By Lee Holley, LMSW, LCDC, PRSS and Vaughan Gilmore, LCSW, LCDC
The cycle of addiction remains untreated for a large group of Americans due to lack of awareness that recovery is possible and that there are multiple avenues to get there.
The good news is that recovery is attainable, and research shows that over 22 million Americans have successfully resolved a significant drug or alcohol problem using a variety of traditional and non-traditional means.
For many individuals, successful recovery includes participation in a mutual support program such as Alcoholics Anonymous (AA) or Narcotics Anonymous (NA). But for individuals that have not found success with 12-Step programs or are not willing to consider this as an option, a growing number of recovery pathways are available.
What is recovery?
SAMHSA defines recovery as “a process of change through which individuals improve their health and wellness, live a self-directed life, and strive to reach their full potential.” The only requirements are a desire and willingness to change and for most abstinence is one small part of recovery.
The American Society of Addiction Medicine (ASAM) defines recovery as “an active process of continual growth that addresses the biological, psychological, social and spiritual disturbances inherent in addiction.” As popular opinion about the nature of addiction shifts from a moral failing to a health issue, the conversation should also include an understanding of the recovery process.
The goal of addiction treatment is sustained remission of a substance use disorder and this can be achieved along many pathways. Recovery routes include clinical interventions with a focus on skills development, treatment for problematic patterns of thinking and behaviors, and pharmacotherapy to reduce cravings and relapse risk. For some individuals there is a natural recovery process that does not include any formal support or treatment, others find online support in chat rooms to be the best solution, and for a growing number of individuals, alternative recovery programs are part of the process of change.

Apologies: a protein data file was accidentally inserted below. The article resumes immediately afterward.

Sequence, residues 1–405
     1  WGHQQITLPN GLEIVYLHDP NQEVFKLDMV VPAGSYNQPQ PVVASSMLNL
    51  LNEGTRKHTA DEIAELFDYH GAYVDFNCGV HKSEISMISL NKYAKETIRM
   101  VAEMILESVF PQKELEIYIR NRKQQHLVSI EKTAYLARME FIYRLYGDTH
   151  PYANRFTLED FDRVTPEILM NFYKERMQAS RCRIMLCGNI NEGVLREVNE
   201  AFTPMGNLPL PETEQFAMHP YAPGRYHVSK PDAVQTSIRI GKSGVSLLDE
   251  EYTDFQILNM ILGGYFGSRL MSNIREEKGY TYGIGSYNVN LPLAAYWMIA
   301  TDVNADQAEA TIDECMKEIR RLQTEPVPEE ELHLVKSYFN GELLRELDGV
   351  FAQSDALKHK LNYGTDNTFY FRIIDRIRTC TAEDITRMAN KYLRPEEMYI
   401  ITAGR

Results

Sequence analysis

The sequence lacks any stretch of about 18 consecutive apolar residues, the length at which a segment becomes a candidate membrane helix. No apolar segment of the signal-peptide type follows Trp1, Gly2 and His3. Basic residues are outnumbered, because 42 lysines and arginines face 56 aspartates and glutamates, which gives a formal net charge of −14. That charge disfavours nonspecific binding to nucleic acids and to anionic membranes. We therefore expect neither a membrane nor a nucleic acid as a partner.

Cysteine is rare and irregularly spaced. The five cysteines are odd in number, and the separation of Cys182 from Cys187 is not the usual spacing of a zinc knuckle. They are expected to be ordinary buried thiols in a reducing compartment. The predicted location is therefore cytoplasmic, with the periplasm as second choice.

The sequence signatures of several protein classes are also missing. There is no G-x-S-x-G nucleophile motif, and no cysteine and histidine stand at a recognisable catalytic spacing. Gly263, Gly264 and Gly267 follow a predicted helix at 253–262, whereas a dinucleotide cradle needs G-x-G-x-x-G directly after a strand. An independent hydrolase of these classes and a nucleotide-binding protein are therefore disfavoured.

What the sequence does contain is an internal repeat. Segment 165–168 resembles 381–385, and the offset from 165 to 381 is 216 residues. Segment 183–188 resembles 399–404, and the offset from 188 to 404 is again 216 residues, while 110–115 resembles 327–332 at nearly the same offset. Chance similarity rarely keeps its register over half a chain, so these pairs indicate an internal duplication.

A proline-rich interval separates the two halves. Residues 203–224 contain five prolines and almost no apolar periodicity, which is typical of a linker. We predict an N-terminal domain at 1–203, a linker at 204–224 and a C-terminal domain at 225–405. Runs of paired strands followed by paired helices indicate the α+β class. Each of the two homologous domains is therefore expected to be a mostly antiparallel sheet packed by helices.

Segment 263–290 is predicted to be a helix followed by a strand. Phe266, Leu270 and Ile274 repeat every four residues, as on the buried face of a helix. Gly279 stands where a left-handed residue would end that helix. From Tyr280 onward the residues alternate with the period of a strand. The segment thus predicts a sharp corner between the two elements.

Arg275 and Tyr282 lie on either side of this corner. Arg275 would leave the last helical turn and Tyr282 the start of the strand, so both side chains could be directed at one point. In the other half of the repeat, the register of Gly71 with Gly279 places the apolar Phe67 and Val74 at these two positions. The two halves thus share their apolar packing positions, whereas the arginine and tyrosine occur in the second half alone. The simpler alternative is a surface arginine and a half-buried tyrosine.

Recovery may not involve any clinical intervention or treatment and instead be primarily rooted in peer support, a faith community, or recovery coaching services. If the shared goal of treatment professionals, family members, and individuals suffering from addiction is recovery then all these pathways and more are legitimate strategies for resolving a significant drug or alcohol problem.
“Meeting people where they are”
Traditional 12-Step-based treatment centers are incredibly successful and valuable for many, but for those still in a precontemplation stage of change or in denial of the seriousness of their substance use, a 12-Step only approach can deter them from seeking treatment and prevent them from engaging in any recovery behaviors.
Family members and professionals can continue to convey the seriousness of the addictive behavior while also encouraging their loved one to choose their own pathway to health.
The best recovery pathway is one that an individual is willing to pursue.
If the Buddhism-inspired Refuge Recovery program or the Rational Emotive Behavioral Therapy SMART Recovery program are of more interest to an individual, these options should be encouraged and explored.
Not everyone who chooses to forgo the 12-Step recovery route is simply “in denial” or “not in enough pain yet.” If we follow the idea that an individual’s “bottom” is when they “stop digging,” as opposed to believing that people are required to have severe legal, health, or relational consequences to be ready for help, then we may be able to save countless individuals and their families tremendous amounts of unnecessary pain and misery.